Sweden has developed a reputation as a pop music factory. Actually, it has earned that with ABBA, Roxette, The Cardigans, Robyn, Lykke Li, and Tove Lo becoming global sensations. The well runs really deep, though, with Amason, Miike Snow, Shout Out Louds, and Little Dragon selling out venues across the world. The land of the Tre Kronor, however, does not have quite the same reputation when it comes to rock music, but Eldoradio are doing their part to change this.
Based out of the central Swedish city of Trollhättan, Thomas Keen, Adam Johansson, Anton Thorstensson, August Johansson, and Tomas Berglund are creating rock music that spans the fiery garage rock of Japandroids to the clever indie rock of Yo La Tengo. This combination would make them indie stars if they lived in Brooklyn, Chicago, or London, and a label like Sub Pop or Secretly Canadian would have signed them. Instead, they’re plying their trade as true independent artists and gradually gaining a following. Last week, they released their new EP, Cult, which is one of the year’s finest mini-albums.
The record commences with a surprise – the melodic and melancholic “Pipe Dreams”. The song reveals the band at their most vulnerable and naked, as they strip back the arrangements and allow Keen’s vocals and lyrics to be the central elements. He eloquently describes how the only means to survive is to pretend. The final lyric, in particular, perfectly captures the track’s meaning: “If we don’t dream, then we die”.
After the solemn introduction, Eldoradio put their collective foot on the accelerator and don’t let up. The jittery and catchy “2:42” follows, bubbling like a tune straight out of The Strokes Is This It? and possessing the same nervous energy. As the guitars whirl, the band reveal the anxiety that consumes them in the early morning hours.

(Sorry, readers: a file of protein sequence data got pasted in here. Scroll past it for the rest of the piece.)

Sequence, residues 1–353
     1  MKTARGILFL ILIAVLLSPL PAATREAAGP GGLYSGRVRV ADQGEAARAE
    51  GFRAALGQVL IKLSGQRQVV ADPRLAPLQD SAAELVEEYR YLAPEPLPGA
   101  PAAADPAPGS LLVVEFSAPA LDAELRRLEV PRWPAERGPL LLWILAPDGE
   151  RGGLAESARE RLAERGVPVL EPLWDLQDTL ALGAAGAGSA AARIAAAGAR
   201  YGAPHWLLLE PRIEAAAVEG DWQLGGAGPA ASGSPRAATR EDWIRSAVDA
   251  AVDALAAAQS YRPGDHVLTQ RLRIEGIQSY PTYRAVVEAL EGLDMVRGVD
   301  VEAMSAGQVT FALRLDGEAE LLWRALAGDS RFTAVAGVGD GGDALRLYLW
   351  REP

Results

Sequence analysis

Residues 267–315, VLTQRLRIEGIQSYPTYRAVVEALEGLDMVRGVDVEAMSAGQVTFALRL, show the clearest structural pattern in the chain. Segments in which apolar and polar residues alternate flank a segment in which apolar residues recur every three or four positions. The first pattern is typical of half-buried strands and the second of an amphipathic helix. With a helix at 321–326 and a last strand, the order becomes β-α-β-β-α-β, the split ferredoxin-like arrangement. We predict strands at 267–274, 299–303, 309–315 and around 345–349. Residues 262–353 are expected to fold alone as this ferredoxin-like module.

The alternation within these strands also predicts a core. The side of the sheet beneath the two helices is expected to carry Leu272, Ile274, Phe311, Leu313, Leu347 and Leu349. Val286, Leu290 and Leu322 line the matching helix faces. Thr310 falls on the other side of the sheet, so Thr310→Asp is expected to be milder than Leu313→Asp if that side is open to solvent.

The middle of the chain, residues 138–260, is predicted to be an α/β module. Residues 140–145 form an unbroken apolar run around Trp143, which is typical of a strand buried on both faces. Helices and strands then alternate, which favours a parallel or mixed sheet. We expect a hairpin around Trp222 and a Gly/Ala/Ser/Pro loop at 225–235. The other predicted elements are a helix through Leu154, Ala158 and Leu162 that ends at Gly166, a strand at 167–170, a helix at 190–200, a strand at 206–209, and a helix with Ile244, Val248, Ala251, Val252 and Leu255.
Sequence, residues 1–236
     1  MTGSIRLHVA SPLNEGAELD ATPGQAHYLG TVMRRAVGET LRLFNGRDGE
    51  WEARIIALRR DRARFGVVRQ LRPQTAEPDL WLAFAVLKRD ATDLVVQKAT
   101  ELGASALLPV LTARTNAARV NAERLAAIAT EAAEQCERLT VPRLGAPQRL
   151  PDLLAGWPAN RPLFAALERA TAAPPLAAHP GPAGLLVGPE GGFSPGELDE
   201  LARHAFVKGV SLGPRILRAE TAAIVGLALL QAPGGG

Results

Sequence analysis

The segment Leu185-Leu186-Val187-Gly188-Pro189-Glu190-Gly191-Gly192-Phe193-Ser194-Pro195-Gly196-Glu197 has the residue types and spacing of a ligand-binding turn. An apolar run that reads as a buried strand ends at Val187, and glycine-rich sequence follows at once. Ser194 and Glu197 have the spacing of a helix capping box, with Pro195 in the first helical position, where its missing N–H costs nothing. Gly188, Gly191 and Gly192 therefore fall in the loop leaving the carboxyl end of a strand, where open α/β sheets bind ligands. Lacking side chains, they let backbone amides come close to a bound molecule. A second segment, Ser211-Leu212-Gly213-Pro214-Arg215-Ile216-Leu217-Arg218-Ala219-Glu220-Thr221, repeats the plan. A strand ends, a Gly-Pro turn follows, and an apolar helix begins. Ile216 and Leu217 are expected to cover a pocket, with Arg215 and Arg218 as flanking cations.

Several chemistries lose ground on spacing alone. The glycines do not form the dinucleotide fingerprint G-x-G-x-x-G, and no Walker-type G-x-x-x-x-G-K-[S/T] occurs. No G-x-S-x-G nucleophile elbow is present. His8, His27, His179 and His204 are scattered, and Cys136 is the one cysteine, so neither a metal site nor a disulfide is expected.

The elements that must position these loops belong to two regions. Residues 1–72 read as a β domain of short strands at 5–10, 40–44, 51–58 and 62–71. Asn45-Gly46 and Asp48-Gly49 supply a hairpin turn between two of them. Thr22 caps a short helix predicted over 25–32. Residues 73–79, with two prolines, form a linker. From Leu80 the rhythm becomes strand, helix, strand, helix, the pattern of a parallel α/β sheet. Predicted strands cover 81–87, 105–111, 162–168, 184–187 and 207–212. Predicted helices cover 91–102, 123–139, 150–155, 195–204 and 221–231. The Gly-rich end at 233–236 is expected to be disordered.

“Paranoia has got a hold and is choking me.
This feeling can’t be true at 2:42.
I’m running in my dreams, but I don’t know what I’m running from.”
The anxiety and uncertainty continues on the immensely catchy and clever “All We Got Is Time”. With the jangly-ness of mid-career Yo La Tengo, the Swedish quintet deliver a tune straight out of the mid-’90s. But unlike the previous song where one is awoken in the middle of the night, the feeling of hopelessness lingers throughout the day, including one’s 9-to-5 job. As the band state, people are left daydreaming or staring out of their windows, wondering what else they could be doing.
The EP takes on a more rambunctious and edgier approach in its second half. Like a song taken out of Twin Peaks’ playbook, “City Lights” is a rollicking number. Heavy guitars and feverish rhythms set the tone on this anthemic tune built for arena-sized concerts. Meanwhile, the multi-part harmonies describe how many people feel today. As they exclaim, “I’m just a shadow in these streets”. Or in other words, we are all small cogs in the vast machine. On the kraut-influenced “Youth Cult”, which is the record’s highlight, Eldoradio change their tone. Instead of feeling disenfranchised, they set a course to take control. As a distorted synth pierces through the wailing guitars and rhythms, they proclaim today’s youth will not succumb to the wishes of their oppressors. That the elites, their parents, and anyone else cannot “blame the youth” for the shit they’ve created.
“Restless Minds”. Akin to the pop-rock styles of Canada’s Sloan and Yukon Blonde, Eldoradio deliver one sugary ear-worm, which exalts the exuberance of today’s youth and rightfully calls on them to dream big. Calls on them to constantly act and share their ideas, so we can “make sense of all the years and conquer all our fears”. Only then can we move forward and solve the problems past generations left. Or in other words, to re-write history, just like what Eldoradio is about to do. Check that, what they are doing right now within Sweden’s music scene.
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